By Rashvinjeet S. Bedi (original post: The Star, 29/8/2010)
It is time for Malaysia to abolish the death penalty, said Minister in the Prime Minister’s Department Datuk Seri Nazri Abdul Aziz.
“If it is wrong to take someone’s life, then the Government should not do it either. It’s ironic and not correct,” he told Sunday Star.
The de-facto law minister believed there was always the possibility that the accused person was not guilty.
“No criminal justice system is perfect. You take a man’s life and years later, you
find out that another person did the crime. What can you do?”
In Malaysia, the death sentence is mandatory for murder and drug trafficking among other crimes. Recently, there have even been calls to classify fatal baby dumping cases as murder.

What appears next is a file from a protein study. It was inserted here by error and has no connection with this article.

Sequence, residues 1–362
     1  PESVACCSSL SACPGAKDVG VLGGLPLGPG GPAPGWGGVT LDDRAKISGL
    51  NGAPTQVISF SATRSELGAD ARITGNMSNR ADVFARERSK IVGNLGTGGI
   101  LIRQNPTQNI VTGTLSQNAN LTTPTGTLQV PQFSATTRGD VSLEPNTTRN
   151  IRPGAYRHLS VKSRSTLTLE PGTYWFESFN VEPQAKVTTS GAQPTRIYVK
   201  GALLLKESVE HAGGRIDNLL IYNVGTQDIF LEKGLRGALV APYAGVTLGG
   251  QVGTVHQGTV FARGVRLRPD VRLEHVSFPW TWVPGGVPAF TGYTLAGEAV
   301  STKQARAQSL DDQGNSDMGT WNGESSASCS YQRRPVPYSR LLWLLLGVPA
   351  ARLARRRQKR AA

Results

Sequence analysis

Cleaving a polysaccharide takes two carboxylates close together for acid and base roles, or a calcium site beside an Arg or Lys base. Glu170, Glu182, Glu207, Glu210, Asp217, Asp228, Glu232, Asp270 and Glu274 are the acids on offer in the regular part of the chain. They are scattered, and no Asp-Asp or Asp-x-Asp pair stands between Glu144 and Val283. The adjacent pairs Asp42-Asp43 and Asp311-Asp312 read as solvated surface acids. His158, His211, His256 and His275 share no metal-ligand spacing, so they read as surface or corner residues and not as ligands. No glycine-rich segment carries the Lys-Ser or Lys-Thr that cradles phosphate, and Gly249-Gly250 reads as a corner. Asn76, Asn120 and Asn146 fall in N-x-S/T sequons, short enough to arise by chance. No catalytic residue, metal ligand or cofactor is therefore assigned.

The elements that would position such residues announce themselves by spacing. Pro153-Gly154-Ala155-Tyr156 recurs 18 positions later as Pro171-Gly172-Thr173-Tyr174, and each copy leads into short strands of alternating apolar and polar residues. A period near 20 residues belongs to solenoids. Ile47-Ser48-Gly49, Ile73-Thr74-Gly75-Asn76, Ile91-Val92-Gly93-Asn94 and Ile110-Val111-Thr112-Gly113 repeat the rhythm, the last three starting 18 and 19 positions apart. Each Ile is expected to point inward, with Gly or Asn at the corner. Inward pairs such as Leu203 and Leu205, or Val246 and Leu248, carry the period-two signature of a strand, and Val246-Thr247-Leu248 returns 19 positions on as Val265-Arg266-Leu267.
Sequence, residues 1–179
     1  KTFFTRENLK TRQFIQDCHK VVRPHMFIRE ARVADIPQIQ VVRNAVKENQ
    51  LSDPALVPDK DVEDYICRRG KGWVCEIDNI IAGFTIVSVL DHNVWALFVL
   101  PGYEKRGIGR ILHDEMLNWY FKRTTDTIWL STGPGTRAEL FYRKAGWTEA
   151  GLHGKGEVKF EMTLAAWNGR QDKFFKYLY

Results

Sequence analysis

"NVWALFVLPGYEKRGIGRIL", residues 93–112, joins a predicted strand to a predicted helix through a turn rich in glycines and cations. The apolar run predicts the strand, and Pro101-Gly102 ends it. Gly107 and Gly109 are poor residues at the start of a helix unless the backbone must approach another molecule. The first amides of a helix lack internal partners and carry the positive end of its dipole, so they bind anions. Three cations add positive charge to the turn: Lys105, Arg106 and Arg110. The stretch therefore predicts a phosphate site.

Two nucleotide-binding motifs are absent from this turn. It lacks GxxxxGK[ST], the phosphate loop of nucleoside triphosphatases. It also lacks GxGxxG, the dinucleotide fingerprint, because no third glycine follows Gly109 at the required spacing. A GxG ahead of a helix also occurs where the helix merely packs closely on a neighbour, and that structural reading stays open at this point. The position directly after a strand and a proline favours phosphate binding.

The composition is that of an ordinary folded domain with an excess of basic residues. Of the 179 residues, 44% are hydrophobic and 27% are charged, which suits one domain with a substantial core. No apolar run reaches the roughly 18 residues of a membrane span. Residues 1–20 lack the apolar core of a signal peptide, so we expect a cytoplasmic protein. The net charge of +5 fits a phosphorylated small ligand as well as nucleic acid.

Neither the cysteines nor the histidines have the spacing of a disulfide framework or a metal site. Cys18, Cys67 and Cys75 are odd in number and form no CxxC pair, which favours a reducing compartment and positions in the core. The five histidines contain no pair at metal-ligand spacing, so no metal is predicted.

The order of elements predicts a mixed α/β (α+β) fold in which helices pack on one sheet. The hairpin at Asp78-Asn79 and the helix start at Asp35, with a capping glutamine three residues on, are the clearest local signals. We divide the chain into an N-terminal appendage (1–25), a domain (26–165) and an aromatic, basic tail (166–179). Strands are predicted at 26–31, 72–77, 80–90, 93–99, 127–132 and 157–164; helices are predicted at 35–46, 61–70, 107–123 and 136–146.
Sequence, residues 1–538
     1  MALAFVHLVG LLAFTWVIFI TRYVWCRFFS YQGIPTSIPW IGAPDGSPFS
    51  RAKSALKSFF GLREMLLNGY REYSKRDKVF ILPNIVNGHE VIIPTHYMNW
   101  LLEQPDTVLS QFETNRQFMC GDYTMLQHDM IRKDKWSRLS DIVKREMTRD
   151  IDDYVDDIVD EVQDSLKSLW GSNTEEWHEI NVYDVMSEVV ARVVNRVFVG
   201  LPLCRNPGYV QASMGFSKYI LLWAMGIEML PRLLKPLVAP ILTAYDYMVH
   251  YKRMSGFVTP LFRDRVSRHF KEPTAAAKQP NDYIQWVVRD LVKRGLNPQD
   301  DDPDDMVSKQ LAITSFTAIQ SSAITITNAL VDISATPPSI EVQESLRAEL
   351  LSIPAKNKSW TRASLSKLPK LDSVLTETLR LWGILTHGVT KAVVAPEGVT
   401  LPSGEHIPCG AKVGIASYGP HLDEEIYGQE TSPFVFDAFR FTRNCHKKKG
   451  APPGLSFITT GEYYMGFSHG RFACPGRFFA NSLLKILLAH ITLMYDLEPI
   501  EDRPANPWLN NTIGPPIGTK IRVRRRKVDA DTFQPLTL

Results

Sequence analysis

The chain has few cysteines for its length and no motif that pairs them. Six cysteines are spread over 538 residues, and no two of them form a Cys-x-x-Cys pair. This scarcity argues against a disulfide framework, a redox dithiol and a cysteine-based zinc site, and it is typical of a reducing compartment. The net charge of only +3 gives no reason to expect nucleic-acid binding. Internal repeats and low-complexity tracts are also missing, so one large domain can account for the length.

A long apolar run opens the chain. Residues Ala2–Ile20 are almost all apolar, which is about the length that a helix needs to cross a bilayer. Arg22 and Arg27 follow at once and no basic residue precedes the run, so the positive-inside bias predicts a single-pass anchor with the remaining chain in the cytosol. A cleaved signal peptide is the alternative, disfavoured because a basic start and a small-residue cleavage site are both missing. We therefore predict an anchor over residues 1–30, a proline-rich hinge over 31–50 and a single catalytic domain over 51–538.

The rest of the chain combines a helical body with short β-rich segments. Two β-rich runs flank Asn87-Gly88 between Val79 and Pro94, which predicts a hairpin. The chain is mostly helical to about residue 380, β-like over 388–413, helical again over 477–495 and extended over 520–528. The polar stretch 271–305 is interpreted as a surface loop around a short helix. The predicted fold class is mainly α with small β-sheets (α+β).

Nazri pointed out that worldwide, the trend was to abolish the death penalty.
However, he believed a change in the people’s mindset was needed before the law could be amended. “It has been discussed informally (in the Government) but we don’t have the political will to do it at the moment,” he admitted, adding that the death penalty did not seem to be a deterrent to drug trafficking and murder.
Former High Court and Court of Appeal judge Datuk K.C. Vohrah is also in favour of abolishing the death penalty.
“The law is the law but I wish Parliament would abolish the death sentence because if a mistake is made, it would be irreversible. There are other ways of dealing with heinous crimes,” he said.
Suhakam chairman Tan Sri Hasmy Agam said the commission was against capital punishment and had recommended its removal to the Government.
The Bar Council is also all for doing away with the death sentence.
“It is a form of punishment to exact vengeance but society has to learn to be more compassionate,” said council vice-president Lim Chee Wee, adding that resolutions to abolish capital punishment were made during the council’s AGM in 2006 and 2007.
二零一零年八月二十九日 晚上十一时五十二分 (光华日报）